I don't believe enough people actually watch others geocaching (some deemed "professional" were still boring...) to affect the hobby.

 - But, if you feel there may be an issue, contacting Groundspeak directly through the Help Center is a good option.

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@cerberus1 I used to read a lot of forum posts about it that I found searching about geocaching and youtube on Google, and I've seen some (sometimes heated) discussions on places such as Reddit and YouTube. Several of them are smaller YouTubers defending themselves and such, but I've seen arguments from both sides, including stuff about commentary from Groundspeak themselves, no official rule on it, etc, etc. To be honest I looked it up a while back ago and don't remember all of the details (nor do I really know the official story).

And I don't believe there to be an issue worth reporting, I was just curious of other's thoughts, and was trying to make a small point. But if ya'll don't believe it to be that big of an issue, then I'll just take that and turn a blind eye.

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10 hours ago, omgubler said:

@SeattleWayne I didn't mean they wouldn't be following any of the rules, it's just more likely they won't read the rules. And c'mon, I'm usually one to look for the best in people and assume the best, but you can't tell me it's not that far-fetched. When I mean young, I mean most of their watchers are middle school age. Do you really believe the majority are going to bother with the rules and guidelines before going out? In my experience kids in that age range are the known for caring about rules. There's tons of stories about beginners taking the cache home with them and other things.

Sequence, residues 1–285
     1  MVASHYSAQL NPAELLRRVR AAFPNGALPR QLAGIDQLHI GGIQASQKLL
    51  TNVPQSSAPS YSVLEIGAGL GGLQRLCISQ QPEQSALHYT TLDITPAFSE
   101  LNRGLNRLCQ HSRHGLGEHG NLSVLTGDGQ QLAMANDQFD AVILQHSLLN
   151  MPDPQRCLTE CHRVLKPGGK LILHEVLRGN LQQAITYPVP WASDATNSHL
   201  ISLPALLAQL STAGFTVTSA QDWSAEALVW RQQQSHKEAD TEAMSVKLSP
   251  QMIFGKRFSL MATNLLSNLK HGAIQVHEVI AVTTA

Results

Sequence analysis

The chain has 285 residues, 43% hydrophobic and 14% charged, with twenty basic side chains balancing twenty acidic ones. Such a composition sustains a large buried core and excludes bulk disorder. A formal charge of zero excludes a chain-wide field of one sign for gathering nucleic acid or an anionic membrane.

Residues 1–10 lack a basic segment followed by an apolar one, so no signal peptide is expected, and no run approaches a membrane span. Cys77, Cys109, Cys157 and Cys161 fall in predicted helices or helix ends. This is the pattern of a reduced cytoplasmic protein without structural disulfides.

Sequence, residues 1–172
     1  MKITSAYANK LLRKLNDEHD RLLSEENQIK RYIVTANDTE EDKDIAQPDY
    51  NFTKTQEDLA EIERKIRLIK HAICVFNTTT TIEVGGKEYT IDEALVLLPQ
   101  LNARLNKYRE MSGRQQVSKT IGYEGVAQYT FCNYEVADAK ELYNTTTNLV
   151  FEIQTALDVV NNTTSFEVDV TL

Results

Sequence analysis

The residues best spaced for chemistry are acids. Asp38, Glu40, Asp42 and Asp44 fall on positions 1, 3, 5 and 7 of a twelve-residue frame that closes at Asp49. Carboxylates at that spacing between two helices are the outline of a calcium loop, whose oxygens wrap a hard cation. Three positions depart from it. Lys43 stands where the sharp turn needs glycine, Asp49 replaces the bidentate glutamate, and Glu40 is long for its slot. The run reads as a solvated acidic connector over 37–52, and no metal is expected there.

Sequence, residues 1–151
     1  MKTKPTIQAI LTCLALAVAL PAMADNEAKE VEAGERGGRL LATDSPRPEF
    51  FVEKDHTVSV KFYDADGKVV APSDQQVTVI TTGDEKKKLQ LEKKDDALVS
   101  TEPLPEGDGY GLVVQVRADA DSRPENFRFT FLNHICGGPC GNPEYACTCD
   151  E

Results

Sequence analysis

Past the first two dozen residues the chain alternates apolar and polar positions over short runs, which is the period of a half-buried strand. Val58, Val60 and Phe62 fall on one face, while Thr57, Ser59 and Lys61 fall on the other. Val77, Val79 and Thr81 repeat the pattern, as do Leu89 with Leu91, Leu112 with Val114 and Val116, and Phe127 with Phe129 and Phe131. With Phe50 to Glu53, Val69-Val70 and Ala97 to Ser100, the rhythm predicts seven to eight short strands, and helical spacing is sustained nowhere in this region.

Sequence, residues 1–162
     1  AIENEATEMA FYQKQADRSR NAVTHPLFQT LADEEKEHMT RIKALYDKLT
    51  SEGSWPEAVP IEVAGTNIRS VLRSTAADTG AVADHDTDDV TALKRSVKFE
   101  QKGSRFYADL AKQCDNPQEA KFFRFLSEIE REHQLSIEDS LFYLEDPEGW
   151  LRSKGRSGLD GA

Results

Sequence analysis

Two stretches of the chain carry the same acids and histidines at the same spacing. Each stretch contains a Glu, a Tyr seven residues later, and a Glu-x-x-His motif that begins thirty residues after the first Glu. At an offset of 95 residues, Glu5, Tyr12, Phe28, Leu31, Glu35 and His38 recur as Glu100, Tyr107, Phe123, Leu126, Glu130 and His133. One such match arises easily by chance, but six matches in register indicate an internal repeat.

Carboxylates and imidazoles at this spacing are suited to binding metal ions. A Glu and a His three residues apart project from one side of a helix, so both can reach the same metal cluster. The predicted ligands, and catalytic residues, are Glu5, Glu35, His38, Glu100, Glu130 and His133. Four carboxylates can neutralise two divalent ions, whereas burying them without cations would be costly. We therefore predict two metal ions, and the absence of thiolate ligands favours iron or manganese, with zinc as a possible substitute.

And just because people are "going to do what they do" doesn't make it right...

My main point I'm trying to make is that I wish someone with as large of an audience of them would know what they're doing/ be followed up on all rules before spreading out the wrong information.

I never said it's right. I'm saying that you can't stop people from doing what they do. 

There are plenty of seasoned geocachers that fail to follow simple guidelines as well. 

Contact Groundspeak if you think it's doing damage to the game. It's not that I don't think it's a big issue, it's just that Geocaching has been around for almost 20 years, and I'm sure there were concerned cachers like yourself when the iPhones came out, and when Twitter came out and Facebook, and all these social media outlets that gave major exposure to the hobby. It pulled in an influx of people who saw a Youtube video or a Twitter tweet that maybe was depicting the game in the wrong light...but the game has survived. I'm sure whatever happens with these guys and there geocaching fort, in the end, everything will be alright. B):lol:

 

If someone wants to build a geocaching fort, and hide a geocache in it, more power to them. It's a lot better than a rock wall cache. :rolleyes:

Edited by SeattleWayne

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11 hours ago, omgubler said:

 

I'm not here to get them in trouble or anything, but I just hate the fact that they're demonstrating behavior against the rules of Geocaching to their 2.7 million subscribers...

 

 

Ignore them and don't bring attention to them by calling them out in the forums. I don't watch geocaching on YouTube for reasons you have pointed out. They do it for attention, and you got played.

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Similar to Manville Possum, I believe bringing more attention to them (this is an international forums...) actually does more damage than if just left to themselves.